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Strategies for Second-Season Gobblers

By Dan Small - October 1, 2011
Many hunters apply for a fall turkey permit, then tuck it into their backtag carrier when they bowhunt for deer, just in case a flock wanders by. Others carry their turkey permit into the grouse or squirrel woods for when the action slows on one of those species, or again, just in case...

A few hunters, however, relish the chance to go one-on-one with a tom when he isn't interested in hens, when he could care less what your calling sounds like, and when you can't get him to gobble away his location regardless of what breed of peacock, owl or auto horn you toot.

Call me crazy, and many have, but I think fall turkey hunting is a gas. I've been foiled more often than not by fall gobblers. Actually, by their indifference more than anything. And when I do bag one, there's always that nagging feeling that it was partly by accident.

But then I've bagged gobblers in the spring by accident as often as by design, and I've not noticed the thrill to be any less intense.

While the game plan may be far less obvious in fall than in spring, and the feedback from your quarry practically nonexistent, you can nonetheless hunt gobblers in fall with some reasonable hope of success. And if you don't succeed, you can always pop a tender jenny.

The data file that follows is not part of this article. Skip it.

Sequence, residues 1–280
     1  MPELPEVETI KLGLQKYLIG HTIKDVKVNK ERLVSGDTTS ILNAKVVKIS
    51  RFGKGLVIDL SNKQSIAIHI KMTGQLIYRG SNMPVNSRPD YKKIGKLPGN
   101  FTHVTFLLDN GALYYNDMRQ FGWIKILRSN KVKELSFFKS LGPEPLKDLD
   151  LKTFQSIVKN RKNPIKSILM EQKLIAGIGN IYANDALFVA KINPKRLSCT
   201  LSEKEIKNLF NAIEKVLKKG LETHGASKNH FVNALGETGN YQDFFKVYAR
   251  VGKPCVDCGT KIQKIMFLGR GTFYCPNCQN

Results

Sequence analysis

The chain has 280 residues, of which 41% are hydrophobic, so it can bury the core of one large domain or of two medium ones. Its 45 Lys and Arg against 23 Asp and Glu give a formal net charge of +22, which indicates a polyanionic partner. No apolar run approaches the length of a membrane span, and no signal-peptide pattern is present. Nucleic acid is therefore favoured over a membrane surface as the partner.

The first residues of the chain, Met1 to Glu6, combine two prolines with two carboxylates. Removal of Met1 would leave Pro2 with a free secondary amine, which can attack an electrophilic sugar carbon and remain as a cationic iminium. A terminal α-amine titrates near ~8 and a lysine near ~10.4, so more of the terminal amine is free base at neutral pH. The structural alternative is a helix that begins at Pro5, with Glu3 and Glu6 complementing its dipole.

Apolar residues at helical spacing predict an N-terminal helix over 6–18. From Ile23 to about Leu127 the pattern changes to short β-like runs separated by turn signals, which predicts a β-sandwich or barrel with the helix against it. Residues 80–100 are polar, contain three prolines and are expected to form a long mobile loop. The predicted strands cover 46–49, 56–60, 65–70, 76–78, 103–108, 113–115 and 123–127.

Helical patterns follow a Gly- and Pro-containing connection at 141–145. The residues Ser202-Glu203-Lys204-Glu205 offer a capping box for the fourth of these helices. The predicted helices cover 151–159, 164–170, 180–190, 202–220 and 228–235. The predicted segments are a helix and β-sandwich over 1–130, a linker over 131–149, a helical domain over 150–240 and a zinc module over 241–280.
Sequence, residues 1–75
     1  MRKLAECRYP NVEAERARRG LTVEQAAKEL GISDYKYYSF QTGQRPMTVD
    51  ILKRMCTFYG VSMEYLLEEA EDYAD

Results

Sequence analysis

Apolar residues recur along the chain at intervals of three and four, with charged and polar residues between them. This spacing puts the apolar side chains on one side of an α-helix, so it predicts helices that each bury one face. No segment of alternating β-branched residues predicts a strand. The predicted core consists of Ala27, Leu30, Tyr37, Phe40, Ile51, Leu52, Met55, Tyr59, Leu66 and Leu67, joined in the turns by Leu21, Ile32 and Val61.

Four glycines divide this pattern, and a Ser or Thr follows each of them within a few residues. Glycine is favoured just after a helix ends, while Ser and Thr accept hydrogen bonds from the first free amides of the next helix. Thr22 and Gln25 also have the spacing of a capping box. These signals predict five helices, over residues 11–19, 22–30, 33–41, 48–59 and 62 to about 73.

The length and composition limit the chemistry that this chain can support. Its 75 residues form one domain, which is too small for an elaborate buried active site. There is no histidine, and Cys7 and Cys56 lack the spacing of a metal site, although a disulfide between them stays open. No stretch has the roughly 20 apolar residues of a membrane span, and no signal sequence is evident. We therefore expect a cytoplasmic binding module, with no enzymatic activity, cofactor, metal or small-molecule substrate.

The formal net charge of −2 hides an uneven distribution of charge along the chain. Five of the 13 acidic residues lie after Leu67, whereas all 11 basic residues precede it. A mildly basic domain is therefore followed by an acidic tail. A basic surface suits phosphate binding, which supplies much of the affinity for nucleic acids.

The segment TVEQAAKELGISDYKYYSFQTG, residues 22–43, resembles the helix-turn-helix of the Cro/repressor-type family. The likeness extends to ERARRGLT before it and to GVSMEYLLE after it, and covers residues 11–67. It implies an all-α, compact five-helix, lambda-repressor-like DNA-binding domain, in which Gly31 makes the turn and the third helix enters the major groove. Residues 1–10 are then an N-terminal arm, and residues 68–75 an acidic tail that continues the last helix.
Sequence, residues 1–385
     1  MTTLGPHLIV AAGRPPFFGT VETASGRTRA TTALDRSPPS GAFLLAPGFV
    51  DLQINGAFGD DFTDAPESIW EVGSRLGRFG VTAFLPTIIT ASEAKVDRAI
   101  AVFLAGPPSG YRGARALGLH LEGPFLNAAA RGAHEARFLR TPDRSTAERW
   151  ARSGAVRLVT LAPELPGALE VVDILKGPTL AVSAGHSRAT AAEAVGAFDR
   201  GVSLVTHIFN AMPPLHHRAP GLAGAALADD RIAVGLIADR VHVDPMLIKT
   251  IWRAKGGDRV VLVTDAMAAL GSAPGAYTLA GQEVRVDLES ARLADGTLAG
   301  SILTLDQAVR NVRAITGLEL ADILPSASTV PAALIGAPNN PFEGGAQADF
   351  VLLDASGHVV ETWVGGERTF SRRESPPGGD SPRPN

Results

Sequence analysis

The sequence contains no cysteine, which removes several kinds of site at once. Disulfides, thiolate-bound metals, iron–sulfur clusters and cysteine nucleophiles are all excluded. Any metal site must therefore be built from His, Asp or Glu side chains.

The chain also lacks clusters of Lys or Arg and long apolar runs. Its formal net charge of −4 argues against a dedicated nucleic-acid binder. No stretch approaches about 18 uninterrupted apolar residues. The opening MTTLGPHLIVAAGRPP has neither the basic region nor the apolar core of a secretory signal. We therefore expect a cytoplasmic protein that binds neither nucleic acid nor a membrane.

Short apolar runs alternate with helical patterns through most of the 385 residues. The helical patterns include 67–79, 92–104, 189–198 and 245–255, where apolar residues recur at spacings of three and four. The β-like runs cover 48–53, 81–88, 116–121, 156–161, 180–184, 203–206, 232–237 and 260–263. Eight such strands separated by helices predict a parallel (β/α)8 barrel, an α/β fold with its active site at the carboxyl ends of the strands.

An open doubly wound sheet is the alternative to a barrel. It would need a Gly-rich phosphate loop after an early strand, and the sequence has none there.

Fall turkey behavior
Unlike in spring, when birds are scattered and toms are loudly vocal, in fall turkeys travel in groups and don't have much to say.

Both of these behaviors present problems. You can walk miles between flocks, and then when you find one, it's hard to get close. Fooling one bird in spring is hard enough, but all those pairs of eyes make it a lot tougher.

Since turkeys are not as vocal in fall as in spring, getting one to respond to your calling can be a frustrating task. You won't know how you're doing until one shows up, or until nothing happens.

Step one, though, is simply finding birds. Adult hens and their broods often travel together in flocks of several dozen or more. Adult toms stick to themselves, usually in much smaller groups. Jakes are most often found with the hen flocks, but they may strike out on their own in small flocks.

Look for sign now as you would in spring: scratchings, molted feathers, droppings, flipped cow muffins, tracks in mud or dust. Gobblers make bigger tracks, leave J-shaped droppings and have larger wing and tail feathers. Their breast feathers are bronzed or black-tipped.

If there is a reliable source of food available - acorns, waste corn and other grains, insects in alfalfa - gobbler flocks will often follow the same pattern day after day, as long as the weather remains stable. They'll roost in the same area each night, fly down at the same time each morning and take the same route to food.

Hunting strategies
The classic fall hunting strategy is to locate a flock, bust it up by running at it and yelling to scatter the birds in all directions, then set up where you found the flock and call birds back to you with a kee-kee call or hen yelp.

This technique works fairly well with young birds that are afraid to be alone and are eager to get back together. The first farmer to whom I explained the scatter-and-call-back method when seeking permission to hunt nearly died laughing.